finds, finding, found
1) VERB If you find someone or something, you see them or learn where they are.

[V n] The police also found a pistol...

[V n] They have spent ages looking at the map and can't find a trace of anywhere called Darrowby...

[V n n] I wonder if you could find me a deck of cards? [Also V n for n]

2) VERB If you find something that you need or want, you succeed in achieving or obtaining it.

[V n] Many people here cannot find work...

[V n] So far they have not found a way to fight the virus...

[V n n] He has to apply for a permit and we have to find him a job...

[V n for n] Does this mean that they haven't found a place for him? [Also V n for n to-inf]

3) V-PASSIVE If something is found in a particular place or thing, it exists in that place.

[be V-ed] Two thousand of France's 4,200 species of flowering plants are found in the park...

[be V-ed] Fibre is found in cereal foods, beans, fruit and vegetables.

4) VERB If you find someone or something in a particular situation, they are in that situation when you see them or come into contact with them.

[V n -ing] They found her walking alone and depressed on the beach...

[V n -ed] She returned to her east London home to find her back door forced open...

[V n prep/adv] Thrushes are a protected species so you will not find them on any menu.

5) VERB If you find yourself doing something, you are doing it without deciding or intending to do it.

[V pron-refl prep/adv] It's not the first time that you've found yourself in this situation...

[V pron-refl -ing] I found myself having more fun than I had had in years...

[V pron-refl adj] It all seemed so far away from here that he found himself quite unable to take it in.

6) VERB: no passive, no cont If a time or event finds you in a particular situation, you are in that situation at the time mentioned or when the event occurs. [WRITTEN]

[V n prep] Daybreak found us on a cold, clammy ship...

[V n -ing] His lunch did not take long to arrive and found him poring over a notepad covered with scrawls.

7) VERB If you find that something is the case, you become aware of it or realize that it is the case.

[V that] The two biologists found, to their surprise, that both groups of birds survived equally well...

[V it adj to-inf] At my age I would find it hard to get another job...

[V n to-inf] We find her evidence to be based on a degree of oversensitivity...

[V n n] I've never found my diet a problem.

8) VERB When a court or jury decides that a person on trial is guilty or innocent, you say that the person has been found guilty or not guilty.

[be V-ed adj] She was found guilty of manslaughter and put on probation for two years...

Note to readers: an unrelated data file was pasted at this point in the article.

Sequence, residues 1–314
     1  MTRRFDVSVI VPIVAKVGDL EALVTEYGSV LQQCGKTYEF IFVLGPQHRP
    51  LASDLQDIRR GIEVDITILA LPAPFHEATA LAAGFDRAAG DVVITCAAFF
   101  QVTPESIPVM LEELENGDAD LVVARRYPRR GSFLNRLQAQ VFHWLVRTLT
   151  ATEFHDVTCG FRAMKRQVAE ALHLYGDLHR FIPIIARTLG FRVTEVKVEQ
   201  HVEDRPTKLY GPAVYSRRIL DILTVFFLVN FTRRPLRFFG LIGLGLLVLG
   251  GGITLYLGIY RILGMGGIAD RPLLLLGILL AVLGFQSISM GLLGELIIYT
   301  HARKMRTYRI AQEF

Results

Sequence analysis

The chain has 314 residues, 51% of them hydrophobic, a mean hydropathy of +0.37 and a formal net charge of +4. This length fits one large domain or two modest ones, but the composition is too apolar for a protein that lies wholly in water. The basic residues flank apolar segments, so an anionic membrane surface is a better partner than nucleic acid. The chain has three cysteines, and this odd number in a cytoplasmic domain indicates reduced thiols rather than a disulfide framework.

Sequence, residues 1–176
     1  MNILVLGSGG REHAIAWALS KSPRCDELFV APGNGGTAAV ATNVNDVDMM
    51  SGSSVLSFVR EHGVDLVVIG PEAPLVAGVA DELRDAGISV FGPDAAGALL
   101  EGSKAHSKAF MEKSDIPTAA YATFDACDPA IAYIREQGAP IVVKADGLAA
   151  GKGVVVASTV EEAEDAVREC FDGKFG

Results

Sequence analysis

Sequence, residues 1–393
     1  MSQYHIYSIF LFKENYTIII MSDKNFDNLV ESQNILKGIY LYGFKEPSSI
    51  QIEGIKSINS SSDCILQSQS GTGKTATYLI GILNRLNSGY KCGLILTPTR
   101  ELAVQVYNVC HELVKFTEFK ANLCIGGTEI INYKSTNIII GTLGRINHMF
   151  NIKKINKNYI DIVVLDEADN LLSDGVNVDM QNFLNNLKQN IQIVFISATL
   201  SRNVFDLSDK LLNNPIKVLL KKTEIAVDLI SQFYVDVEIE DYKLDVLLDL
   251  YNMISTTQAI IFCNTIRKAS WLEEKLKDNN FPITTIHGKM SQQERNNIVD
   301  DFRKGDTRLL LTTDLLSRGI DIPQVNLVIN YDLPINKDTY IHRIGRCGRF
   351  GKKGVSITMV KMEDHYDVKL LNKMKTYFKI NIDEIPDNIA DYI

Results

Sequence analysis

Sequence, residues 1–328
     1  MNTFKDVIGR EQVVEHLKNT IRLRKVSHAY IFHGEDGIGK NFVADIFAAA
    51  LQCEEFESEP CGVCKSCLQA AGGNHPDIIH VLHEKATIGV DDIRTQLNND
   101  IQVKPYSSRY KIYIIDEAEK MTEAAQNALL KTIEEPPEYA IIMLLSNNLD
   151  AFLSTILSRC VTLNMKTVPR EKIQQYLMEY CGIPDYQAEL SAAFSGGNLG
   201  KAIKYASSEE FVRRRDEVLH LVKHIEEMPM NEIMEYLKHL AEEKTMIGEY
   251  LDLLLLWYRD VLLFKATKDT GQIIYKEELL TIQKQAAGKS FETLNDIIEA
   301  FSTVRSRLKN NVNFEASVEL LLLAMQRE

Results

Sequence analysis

[V n adj] When they found us guilty, I just went blank.

9) VERB You can use find to express your reaction to someone or something.

[V n adj] I find most of the young men of my own age so boring...

[V n adj] We're sure you'll find it exciting!...

[V it adj that] I find it ludicrous that nothing has been done to protect passengers from fire...

[V n n] But you'd find him a good worker if you showed him what to do.

10) VERB If you find a feeling such as pleasure or comfort in a particular thing or activity, you experience the feeling mentioned as a result of this thing or activity.

[V n in -ing] How could anyone find pleasure in hunting and killing this beautiful creature?...

[V n in n] I was too tired and frightened to find comfort in that familiar promise.

11) VERB If you find the time or money to do something, you succeed in making or obtaining enough time or money to do it.

[V n] I was just finding more time to write music...

[V n] My sister helped me find the money for a private operation.

12) N-COUNT: usu adj N If you describe someone or something that has been discovered as a find, you mean that they are valuable, interesting, good, or useful.

Another of his lucky finds was a pair of candle-holders...

His discovery was hailed as the botanical find of the century.

13) See also , found
14) PHRASE: V inflects, oft PHR prep/adv If you find your way somewhere, you successfully get there by choosing the right way to go.

He was an expert at finding his way, even in strange surroundings...

After a while I pulled myself to my feet and found my way to the street.

15) PHRASE: V inflects, PHR adv/prep If something finds its way somewhere, it comes to that place, especially by chance.

It is one of the very few Michelangelos that have found their way out of Italy...

The most unlikely objects found their way into his design and look absolutely right where he placed them.

16) to find fault withsee fault
to find one's feetsee foot
Phrasal Verbs:

English dictionary. 2008.


Look at other dictionaries:

  • Find — (f[imac]nd), v. t. [imp. & p. p. {Found} (found); p. pr. & vb. n. {Finding}.] [AS. findan; akin to D. vinden, OS. & OHG. findan, G. finden, Dan. finde, icel. & Sw. finna, Goth. fin[thorn]an; and perh. to L. petere to seek, Gr. pi ptein to fall,… …   The Collaborative International Dictionary of English

  • Find — Find, v. i. (Law) To determine an issue of fact, and to declare such a determination to a court; as, the jury find for the plaintiff. Burrill. [1913 Webster] …   The Collaborative International Dictionary of English

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  • find oneself — {v. phr.} To find out what one is fitted for and succeed in that. * /Mary tried several lines of work, but at last found herself as a teacher./ * /Sometimes young people move around a long time from job to job before they find themselves./ …   Dictionary of American idioms

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